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##### Subject 3. Valuation of Default-Free Callable and Putable Bonds
Binomial models are usually constructed to value bonds with embedded options. The process of valuing a bond with embedded options is only slightly more complicated than the one that we have already described. The only notable difference is that we now have to make so-called "nodal decisions" at each node.

Zero Volatility

In the absence of default and interest rate volatility, the bond's future cash flows are certain.

Let's assume that a Bermudan-style bond can be called by the issuer since the end of year 1 at par (price of 100). We use the same backward induction approach to value such bond, but at each node we make a nodal decision, specified by the following formula:

Value at the Node = Min {Value from backward induction, Call price}

This formula is an example of a decision rule. In our case, the rule is very simple - the bond is called whenever the intrinsic value of the call becomes positive (value exceeds call price). So, at each node we compare the value that we get from backward induction and the call price, which is assumed to be par in this example. Whenever the value is higher than the par, we substitute it with par. When the value at the node does not exceed par, we leave it as it is and continue the backward induction process.

Valuation of a callable bond is demonstrated by the following example:

According to the stated call rule, the bond is called at the four special nodes, because in these cases the estimated value at the node exceeds par. Let's demonstrate the last step in this backward induction process - calculation of the value at the root of the tree. The one-year rate at the root is 2.5%. If the higher rate (4.516) is effective at the end of year 1, the value at the next node is 98.108. The bond is not expected to be called at this node, because its value is below par. On the contrary, if rates increase by a lesser amount, to 3.3456, the estimated value of the bond at the next node would be 101.229, so the bond would be called, since it is valued above par. We substitute the value at this node with par (call price). We now discount the two values and coupons to find the value at the root:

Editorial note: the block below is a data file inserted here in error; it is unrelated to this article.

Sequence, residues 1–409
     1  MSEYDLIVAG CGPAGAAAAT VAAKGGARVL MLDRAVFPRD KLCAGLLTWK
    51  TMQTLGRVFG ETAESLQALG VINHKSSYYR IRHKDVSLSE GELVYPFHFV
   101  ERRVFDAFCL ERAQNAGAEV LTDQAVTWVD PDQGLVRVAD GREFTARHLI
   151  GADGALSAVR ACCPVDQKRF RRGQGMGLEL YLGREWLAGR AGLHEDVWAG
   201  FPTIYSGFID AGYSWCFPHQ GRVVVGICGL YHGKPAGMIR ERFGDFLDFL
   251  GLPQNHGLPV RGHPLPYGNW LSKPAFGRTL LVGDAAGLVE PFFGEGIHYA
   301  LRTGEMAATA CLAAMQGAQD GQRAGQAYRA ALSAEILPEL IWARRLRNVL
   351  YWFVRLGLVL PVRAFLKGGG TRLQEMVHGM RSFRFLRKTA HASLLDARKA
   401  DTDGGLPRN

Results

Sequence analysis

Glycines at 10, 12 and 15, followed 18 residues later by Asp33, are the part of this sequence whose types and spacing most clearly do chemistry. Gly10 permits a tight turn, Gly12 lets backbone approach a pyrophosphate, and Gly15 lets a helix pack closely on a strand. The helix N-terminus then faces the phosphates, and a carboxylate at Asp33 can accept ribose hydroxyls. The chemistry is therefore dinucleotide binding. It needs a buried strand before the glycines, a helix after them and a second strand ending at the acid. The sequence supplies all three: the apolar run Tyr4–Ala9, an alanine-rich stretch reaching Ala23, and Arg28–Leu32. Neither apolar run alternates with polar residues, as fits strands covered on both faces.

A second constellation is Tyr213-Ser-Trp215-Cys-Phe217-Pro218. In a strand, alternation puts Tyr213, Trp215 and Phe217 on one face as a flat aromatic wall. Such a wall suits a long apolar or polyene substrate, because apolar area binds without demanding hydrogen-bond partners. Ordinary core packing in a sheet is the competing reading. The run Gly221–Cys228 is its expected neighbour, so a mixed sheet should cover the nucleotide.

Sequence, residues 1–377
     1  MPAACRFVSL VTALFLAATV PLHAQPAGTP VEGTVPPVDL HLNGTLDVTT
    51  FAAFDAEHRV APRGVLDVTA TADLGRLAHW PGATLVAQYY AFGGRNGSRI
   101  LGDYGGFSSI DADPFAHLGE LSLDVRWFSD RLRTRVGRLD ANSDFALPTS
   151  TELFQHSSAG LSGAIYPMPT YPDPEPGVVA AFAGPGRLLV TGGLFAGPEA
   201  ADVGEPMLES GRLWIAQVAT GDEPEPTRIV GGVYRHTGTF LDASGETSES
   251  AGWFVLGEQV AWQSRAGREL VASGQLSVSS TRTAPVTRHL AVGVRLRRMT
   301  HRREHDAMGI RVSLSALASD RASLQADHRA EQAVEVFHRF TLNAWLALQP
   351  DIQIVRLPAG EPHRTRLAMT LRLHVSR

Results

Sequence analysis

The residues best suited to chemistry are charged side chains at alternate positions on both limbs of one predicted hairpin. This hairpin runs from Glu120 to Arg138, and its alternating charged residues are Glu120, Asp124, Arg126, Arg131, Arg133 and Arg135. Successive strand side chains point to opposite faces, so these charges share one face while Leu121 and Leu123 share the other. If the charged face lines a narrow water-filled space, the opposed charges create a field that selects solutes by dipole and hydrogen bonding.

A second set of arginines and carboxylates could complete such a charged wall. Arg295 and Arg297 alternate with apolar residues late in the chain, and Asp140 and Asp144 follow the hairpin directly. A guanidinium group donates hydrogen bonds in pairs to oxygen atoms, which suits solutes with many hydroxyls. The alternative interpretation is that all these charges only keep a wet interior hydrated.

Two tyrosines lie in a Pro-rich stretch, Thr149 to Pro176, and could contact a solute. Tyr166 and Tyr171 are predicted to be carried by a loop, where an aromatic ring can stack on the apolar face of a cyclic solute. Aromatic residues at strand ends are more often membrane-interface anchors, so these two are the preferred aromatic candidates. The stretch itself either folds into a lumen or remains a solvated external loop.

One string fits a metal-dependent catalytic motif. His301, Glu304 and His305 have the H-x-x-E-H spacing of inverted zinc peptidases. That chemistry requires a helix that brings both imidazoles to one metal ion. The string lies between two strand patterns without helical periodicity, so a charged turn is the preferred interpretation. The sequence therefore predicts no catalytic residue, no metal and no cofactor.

V0 = 1/2 x (V1, H+ C) / (1 + r0) + 1/2 x (V1, L + C) / (1 + r0) = 1/2 x (98.108 + 5) / (1+0.025) + 1/2 x (100 + 5)/(1+0.025) = 101.516.

In contrast, if the bond is putable, the decision to exercise the option is made by the bondholder, who will exercise the put option when the discounted value of the bond's future cash flows is lower than the put price.

Effect of Interest Rate Volatility

Volatility does not affect the value of a straight bond. However, higher volatility does increase the value of any embedded option, and:

• decreases the value of a callable bond.
• increases the value of a putable bond.

Changes in the level and shape of the yield curve also affect the value of a callable or putable bond.

When interest rates are high, the bond is unlikely to be called. Therefore, the callable bond will have similar price/yield relationship (positive convexity) as a comparable straight bond. As interest rates decline, the value of a straight bond will rise. The value of a callable bond will also rise, but not as much as the straight bond. This is because the value of the call option will rise too:

Value of callable bond ↑ = Value of straight bond ↑ - value of issuer call option ↑

The call price will set an upper limit on the price of the callable bond.

As interest rates rise, the value of a straight bond will decline. The value of an otherwise identical putable bond will also decline, but not as much as the straight bond. This is because the value of the put option will rise:

Value of putable bond ↓ = Value of straight bond ↓ + value of investor put option ↑

As the yield curve flattens:

• The value of the call option increases.
• The value of the put option decreases.